We can also special order regrinds done from your cam, please talk to our sales department for details. but for obvious reasons we prefer to use our cams made from new steel billets.
 

Mongler98

Top Post Dawg
Joined
Mar 23, 2011
Location
Northern MD (HAGERBUSH)
TDI
98 Jetta TDI AHU 1.9L (944 TDI swap in progress)
oh.. lol whoops.. still. i have gotten a cold shoulder from both Chris and steve.. I feel if you call in and sound like your a newb and not a paying customer.. they blow you off.. its been a while so i can't attest to that right now, but in the past it was not good..
 

Nicu1000rr

Member
Joined
May 3, 2021
Location
Romania
TDI
1.9 ALH/AGR Skoda Octavia
Brother, if you're in Romania, isn't the idea of sending your cam to the US for grinding kinda crazy?
The "OEM+" cams we can get here come from Europe in the first place. We get a cam and lifter set for under $200!
Grind? TF is this, Soviet Russia? 🤔
I was not intendig to send it to US, though i bought from there a bunch of valve cover gaskets, that were not to be found in Europe. I found them at a very cheap price. I just want to gather information for fixing my car the right way, or to find out if it needs fixing. Just the same price you mentioned is valid here too. If you have some opinions over my pics an initial post/question, i would be glad to hear it.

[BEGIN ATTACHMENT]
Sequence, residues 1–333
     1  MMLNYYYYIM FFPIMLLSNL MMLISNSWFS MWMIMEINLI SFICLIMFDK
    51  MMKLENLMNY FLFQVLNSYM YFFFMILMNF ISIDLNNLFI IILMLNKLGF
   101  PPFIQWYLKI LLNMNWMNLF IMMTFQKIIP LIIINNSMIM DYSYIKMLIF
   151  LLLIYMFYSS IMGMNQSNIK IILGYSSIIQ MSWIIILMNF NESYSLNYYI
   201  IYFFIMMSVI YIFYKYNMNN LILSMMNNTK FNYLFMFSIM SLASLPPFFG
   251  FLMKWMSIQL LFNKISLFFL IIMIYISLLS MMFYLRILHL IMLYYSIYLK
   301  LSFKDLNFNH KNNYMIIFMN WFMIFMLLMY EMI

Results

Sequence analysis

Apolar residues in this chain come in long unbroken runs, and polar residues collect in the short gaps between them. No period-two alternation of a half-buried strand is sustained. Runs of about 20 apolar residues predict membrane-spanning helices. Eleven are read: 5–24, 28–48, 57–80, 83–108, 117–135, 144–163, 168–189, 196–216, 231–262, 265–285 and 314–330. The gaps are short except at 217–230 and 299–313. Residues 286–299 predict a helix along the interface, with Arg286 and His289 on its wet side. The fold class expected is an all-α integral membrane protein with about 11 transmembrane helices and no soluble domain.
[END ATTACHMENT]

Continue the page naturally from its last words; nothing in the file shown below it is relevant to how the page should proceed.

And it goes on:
Nicu1000rr

Member
Joined
May 3, 2021
Location
Romania
TDI
1.9 ALH/AGR Skoda Octavia
oh.. lol whoops.. still. i have gotten a cold shoulder from both Chris and steve.. I feel if you call in and sound like your a newb and not a paying customer.. they blow you off.. its been a while so i can't attest to that right now, but in the past it was not good..
Off topic ! If they would be refusing clients based on considerations of location, or "newbness", or being a paying customer, would they be a serious company? I don't think it would be, but i am sure they do not have that kind of practice.

On topic ! Your information was very helpful, so let's all stay on the positive and constructive side, and provide good and helpful information for all those who will be reading this post in the future.

Everybody have a good day and stay safe!
 

Franko6

Vendor , w/Business number
Joined
May 7, 2005
Location
Sw Missouri
TDI
Jetta, 99, Silver`
Forget the regrinds...? This goes back a few years, when the 'Cam Wars' were going strong. Still, to this day, our 'esteemed competitor' has a writeup how 'regrinds are no good' on their website. But the company that they get their performance cams from, made a very clear statement. "I would not do anything to wreck my reputation. I make regrind cams." So, the vendor that posts how bad regrinds are, buys from a producer who makes regrinds. I wonder if that cam shop knows they do that.